The Decline of Labor: A Grim Picture, A Few Proposals
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[Excerpt] The social context of this four-decade decline challenges a central assumption of the cyclical theory. More than a third of the decline occurred during the 1950s and 1960s, decades of broad economic growth and, for the 1960s, of liberal Democratic ascendancy. Labor lost another 15 percent during the stagflation of the 1970s, despite the Democratic return to power in the wake of a discredited Republican administration. By the 1980s, when a structurally weakened labor movement faced Ronald Reagan, plant closings and demands for concessions accelerated the decline. Organized labor's absolute and proportional decline over decades in which the labor force itself grew; dramatically suggests that the hoped-for resurgence does not lie in awaiting a liberal-populistreprise of the 1930s or "waiting for Lefty." Reagan created obstacles, but he possessed no supernatural powers. Rather, as Daniel Bell argued in 1959 in his prescient book The End of Ideology, when labor had then organized about 30 percent of the work force: "But in organizing this 30 percent, they have reached a saturation mark: they have organized as much of their potential as they can."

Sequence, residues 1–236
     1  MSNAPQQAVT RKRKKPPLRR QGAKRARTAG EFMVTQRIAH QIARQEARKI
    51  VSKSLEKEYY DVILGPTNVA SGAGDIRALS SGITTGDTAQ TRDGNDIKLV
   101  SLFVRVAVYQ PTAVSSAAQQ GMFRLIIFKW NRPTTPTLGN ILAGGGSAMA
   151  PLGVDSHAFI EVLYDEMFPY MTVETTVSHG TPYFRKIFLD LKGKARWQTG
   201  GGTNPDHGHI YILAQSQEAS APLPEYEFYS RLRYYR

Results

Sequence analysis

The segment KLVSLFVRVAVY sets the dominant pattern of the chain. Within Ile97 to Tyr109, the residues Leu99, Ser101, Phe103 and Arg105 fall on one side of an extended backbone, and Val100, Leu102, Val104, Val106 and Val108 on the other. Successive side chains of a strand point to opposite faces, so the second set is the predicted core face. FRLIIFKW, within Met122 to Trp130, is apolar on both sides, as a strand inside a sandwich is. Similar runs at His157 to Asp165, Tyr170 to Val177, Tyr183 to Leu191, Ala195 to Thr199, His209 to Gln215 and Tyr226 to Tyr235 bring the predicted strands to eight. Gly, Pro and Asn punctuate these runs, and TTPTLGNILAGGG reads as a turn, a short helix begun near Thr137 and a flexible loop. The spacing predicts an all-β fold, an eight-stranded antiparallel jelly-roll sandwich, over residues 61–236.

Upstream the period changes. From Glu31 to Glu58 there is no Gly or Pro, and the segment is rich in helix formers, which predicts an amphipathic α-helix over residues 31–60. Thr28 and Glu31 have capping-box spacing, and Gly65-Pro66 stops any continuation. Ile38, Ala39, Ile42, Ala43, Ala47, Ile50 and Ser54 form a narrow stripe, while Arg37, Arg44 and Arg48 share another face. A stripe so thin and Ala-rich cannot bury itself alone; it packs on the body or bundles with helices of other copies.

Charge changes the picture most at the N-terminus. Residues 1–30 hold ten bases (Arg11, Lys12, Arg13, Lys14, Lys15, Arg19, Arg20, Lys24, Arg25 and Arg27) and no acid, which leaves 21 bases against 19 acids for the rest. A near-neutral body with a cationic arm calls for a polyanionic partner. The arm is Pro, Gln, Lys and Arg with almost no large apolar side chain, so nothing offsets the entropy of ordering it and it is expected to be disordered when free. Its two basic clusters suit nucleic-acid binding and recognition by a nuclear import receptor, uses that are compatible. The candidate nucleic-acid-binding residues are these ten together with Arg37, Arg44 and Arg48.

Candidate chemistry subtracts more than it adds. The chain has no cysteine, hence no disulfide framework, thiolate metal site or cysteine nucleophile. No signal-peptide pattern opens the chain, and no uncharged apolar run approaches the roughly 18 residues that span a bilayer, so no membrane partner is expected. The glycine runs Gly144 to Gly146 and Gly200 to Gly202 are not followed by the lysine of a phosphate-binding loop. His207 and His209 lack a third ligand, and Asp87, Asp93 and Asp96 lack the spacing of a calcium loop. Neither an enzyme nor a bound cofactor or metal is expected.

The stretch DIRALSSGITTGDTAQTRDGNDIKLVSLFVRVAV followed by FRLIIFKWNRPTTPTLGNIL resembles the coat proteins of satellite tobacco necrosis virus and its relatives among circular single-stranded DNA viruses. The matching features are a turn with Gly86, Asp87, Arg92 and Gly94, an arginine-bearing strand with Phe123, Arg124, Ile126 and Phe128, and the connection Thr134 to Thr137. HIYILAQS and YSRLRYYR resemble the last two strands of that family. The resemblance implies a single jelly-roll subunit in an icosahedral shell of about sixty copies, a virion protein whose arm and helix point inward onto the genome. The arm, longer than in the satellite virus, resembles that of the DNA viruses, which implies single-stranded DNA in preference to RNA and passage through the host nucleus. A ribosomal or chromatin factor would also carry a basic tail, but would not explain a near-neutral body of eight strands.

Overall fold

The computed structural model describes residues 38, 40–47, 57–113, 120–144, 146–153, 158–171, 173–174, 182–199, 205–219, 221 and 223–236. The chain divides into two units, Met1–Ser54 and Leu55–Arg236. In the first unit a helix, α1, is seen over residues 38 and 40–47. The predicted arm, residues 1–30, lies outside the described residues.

labor movement; unionization; organizing; Ronald Reagan; worker rights
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